Perhaps the Granary District could take descriptive cues from the following:
(page 23) The Broadway District is one of the places Salt Lake City goes to have fun. It is the lively epicenter for the arts, culture, entertainment and hospitality. It is animated, bold and lively... The Broadway District is home to growing population of residents living in new condos and converted loftstyle flats, and it includes the Downtown Public Market...The District is enlivened by the creation of interesting places for bars, restaurants and shops in the interior of blocks, connected to the street by pedestrian passageways.
(page 25) The Gateway District is entrepreneurial, lively and inventive. It is an incubator for new enterprises and creativity — the place where artisans, writers, entrepreneurs and others congregate to live, work, shop and converse. It’s warehouse spaces are filled with art galleries, high-tech businesses, unique shops and one-of-a-kind restaurants... Its excellent transit connections, supply of warehouse
structures, ...and undeveloped land make the ...District a center of focus for Salt Lake City’s growing downtown.
(page 34) ... markets are not just a shopping experience, they are community gathering places ... people shopping at dozens of booths and stalls ...where people socialize, sample products and listen to local performers strolling among the booths. Residents and visitors mingle among the produce, prepared foods and locally made clothing and artisan wares, enjoying the best of Utah’s natural and hand-crafted offerings.
(page 35) downtown ... lacks a major public community recreation center. Downtown Rising believes Salt Lake City must invest in staying healthy. A downtown health and fitness center, ideally located along the Green Loop and near a TRAX line, is a needed facility. It could be a gathering place for the growing number of people living downtown and an amenity for those working and visiting downtown. This facility should be not only the flagship public gymnasium ... but also a major community center, with support services like meeting rooms, elder center, day care, coffee shop and restaurant. It also might feature a drop-in clinic ... in association with a local hospital. Providing sports activities for children, perhaps supporting private, public and charter schools in and near downtown, is also a viable opportunity.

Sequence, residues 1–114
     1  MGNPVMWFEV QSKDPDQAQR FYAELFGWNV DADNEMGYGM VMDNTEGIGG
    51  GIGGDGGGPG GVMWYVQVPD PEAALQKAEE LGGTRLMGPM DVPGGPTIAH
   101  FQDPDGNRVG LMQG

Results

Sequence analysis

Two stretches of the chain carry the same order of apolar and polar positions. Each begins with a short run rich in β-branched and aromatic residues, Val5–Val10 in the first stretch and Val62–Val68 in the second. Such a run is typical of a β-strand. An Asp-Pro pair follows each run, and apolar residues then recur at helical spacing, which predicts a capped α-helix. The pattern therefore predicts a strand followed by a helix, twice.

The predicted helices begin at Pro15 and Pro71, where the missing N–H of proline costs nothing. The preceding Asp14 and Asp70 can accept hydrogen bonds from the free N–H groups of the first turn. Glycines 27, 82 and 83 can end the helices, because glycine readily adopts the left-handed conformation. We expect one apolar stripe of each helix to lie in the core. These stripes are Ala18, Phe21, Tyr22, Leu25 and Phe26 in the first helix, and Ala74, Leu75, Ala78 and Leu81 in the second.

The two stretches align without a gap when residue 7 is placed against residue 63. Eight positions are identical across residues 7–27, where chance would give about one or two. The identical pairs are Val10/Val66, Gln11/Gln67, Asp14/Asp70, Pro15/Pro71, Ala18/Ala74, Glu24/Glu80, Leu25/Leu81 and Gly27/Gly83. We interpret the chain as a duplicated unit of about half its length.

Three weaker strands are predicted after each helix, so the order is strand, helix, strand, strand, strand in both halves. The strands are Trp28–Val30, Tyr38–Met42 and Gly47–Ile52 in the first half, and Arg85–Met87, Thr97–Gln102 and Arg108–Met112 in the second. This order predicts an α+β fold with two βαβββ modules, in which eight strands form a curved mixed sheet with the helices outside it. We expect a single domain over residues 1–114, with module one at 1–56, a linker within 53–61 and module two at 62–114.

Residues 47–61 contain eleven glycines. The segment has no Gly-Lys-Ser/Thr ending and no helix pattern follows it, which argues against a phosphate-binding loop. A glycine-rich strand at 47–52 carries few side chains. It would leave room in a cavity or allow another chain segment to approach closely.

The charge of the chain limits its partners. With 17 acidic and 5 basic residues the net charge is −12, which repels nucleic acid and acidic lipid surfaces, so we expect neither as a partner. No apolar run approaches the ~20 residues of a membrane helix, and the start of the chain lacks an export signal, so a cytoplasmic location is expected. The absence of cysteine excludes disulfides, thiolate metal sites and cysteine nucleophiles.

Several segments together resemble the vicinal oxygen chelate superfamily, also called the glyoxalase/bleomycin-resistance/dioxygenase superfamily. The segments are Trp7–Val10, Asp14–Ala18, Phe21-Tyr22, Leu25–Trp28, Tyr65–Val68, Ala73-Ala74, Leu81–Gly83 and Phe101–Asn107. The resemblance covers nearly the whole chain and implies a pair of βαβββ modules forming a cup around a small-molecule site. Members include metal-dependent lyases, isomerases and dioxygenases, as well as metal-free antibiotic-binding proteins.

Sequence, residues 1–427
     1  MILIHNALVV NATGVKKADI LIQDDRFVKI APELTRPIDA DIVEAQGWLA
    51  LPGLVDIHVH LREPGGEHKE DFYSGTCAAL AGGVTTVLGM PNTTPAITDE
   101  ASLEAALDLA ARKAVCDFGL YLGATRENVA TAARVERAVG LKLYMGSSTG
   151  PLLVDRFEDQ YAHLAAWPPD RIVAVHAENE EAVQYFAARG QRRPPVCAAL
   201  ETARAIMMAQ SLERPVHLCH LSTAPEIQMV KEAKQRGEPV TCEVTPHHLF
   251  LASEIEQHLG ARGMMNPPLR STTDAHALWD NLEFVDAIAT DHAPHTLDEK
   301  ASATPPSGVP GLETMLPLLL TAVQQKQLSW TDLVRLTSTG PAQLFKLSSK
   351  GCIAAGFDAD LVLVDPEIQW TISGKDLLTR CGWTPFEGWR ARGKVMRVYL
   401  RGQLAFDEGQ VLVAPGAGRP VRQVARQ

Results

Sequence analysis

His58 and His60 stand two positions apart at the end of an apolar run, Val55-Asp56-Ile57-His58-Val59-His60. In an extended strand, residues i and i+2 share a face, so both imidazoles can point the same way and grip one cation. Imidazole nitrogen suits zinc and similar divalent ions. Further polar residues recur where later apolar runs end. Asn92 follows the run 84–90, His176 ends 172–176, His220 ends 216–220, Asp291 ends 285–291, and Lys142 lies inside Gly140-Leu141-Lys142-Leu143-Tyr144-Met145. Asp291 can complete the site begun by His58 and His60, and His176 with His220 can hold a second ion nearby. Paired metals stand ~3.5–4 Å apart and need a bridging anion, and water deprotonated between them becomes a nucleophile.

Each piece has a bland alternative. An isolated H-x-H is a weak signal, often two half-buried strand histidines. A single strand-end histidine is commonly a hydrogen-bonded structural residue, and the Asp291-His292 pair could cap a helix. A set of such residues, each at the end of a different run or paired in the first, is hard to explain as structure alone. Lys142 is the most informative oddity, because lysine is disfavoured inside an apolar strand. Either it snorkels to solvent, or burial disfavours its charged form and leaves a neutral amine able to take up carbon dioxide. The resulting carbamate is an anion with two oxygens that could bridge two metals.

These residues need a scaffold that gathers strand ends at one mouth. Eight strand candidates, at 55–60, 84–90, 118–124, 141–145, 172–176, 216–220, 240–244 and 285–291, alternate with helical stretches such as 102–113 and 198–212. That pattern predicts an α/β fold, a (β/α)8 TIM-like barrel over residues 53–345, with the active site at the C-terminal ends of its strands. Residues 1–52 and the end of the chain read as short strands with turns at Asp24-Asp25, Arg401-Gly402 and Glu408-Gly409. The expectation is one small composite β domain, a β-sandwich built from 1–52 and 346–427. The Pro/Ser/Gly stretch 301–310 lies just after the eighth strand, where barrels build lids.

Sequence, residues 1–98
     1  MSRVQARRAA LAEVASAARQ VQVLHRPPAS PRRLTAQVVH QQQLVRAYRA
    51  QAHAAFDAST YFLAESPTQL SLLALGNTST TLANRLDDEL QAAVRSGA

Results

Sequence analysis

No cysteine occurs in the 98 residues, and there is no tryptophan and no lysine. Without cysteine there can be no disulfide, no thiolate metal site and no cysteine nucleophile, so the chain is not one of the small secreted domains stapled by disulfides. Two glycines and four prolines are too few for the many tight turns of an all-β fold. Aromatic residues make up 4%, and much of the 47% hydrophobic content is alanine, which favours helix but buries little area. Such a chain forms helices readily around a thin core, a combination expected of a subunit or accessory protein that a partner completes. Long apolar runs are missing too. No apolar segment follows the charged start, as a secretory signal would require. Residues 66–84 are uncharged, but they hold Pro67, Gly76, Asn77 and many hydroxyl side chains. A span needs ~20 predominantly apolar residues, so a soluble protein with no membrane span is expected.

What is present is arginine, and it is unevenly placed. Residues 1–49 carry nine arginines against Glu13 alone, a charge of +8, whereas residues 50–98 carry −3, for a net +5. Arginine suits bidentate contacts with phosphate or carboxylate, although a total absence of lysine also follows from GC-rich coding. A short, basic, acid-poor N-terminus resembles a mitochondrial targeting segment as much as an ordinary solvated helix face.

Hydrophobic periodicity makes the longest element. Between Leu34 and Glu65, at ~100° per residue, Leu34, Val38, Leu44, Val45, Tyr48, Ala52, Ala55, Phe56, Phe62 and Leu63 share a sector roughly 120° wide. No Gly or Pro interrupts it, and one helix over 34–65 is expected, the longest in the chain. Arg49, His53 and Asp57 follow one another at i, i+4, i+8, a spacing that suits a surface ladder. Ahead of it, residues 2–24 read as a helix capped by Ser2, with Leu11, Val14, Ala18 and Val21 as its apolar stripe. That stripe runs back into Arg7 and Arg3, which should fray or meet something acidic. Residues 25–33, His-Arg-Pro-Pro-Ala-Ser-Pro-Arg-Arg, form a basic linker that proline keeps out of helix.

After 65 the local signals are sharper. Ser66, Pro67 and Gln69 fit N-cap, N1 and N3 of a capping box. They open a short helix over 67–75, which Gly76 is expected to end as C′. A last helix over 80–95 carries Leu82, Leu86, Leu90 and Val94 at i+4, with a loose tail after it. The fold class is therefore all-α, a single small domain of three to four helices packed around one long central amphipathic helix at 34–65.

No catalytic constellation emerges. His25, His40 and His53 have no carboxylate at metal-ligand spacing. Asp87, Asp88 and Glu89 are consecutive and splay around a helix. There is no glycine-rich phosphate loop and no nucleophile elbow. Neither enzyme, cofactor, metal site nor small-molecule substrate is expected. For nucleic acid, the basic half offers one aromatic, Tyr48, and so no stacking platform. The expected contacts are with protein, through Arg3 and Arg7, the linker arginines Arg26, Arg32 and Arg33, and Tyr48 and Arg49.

ACHIEVING THE VISION
Principles (page 39)
The Downtown Rising leaders have agreed to follow these guiding principles as we implement the vision:
■ Collaborative — We will actively seek partnerships that will help to achieve our vision.
■ Public leadership/market-led implementation — By combining our spirit of community with our spirit of enterprise, we can realize the future that we have envisioned.
■ Targeted — We will prioritize how we spend our resources so that we can accomplish this vision effectively.
■ Community-based — We will continue to involve the public and seek their input.
■ Sustainability — We will build on Salt Lake City’s reputation as a place that respects the local and global environment and develops in ways that are healthy, sensitive and sustainable.
■ Humanitarian — We embrace a vision for our city that is about much more than buildings and places; visions are about people and their ability to live fulfilling and productive lives.
... create, communicate and cultivate a unified vision,...[to] ensure everyone is working towards the same goal. ... With spirited commitment and entrepreneurial energy, we commend and commit our collective efforts to make the ... vision a reality and invite others to join us. Implementation will occur in three phases: near-term (first three years), mid-term (four to 15 years) and far-term (16+ years).
Thanks for sharing this! I knew they were doing a study that would eventually turn into zoning recommendations for the City, but didn't know some of the findings/ suggestions were out yet.
There are some gerat suggestions too and we hope that the Granary District charrette book will be a collaborative tool for helping to transform the Granary and surrounding neighborhoods.
I've attached a draft of the charrette book. The "final" draft will be out by next week that will post for the public.
The file was too big, but I'll post it soon and interested to hear your thoughts.
To be clear, what I posted was completed in 2007 but is the foundation for the current work. The current work is more specific that the original project.
Oh, thanks. Look forward to seeing the results. Thanks again for sharing.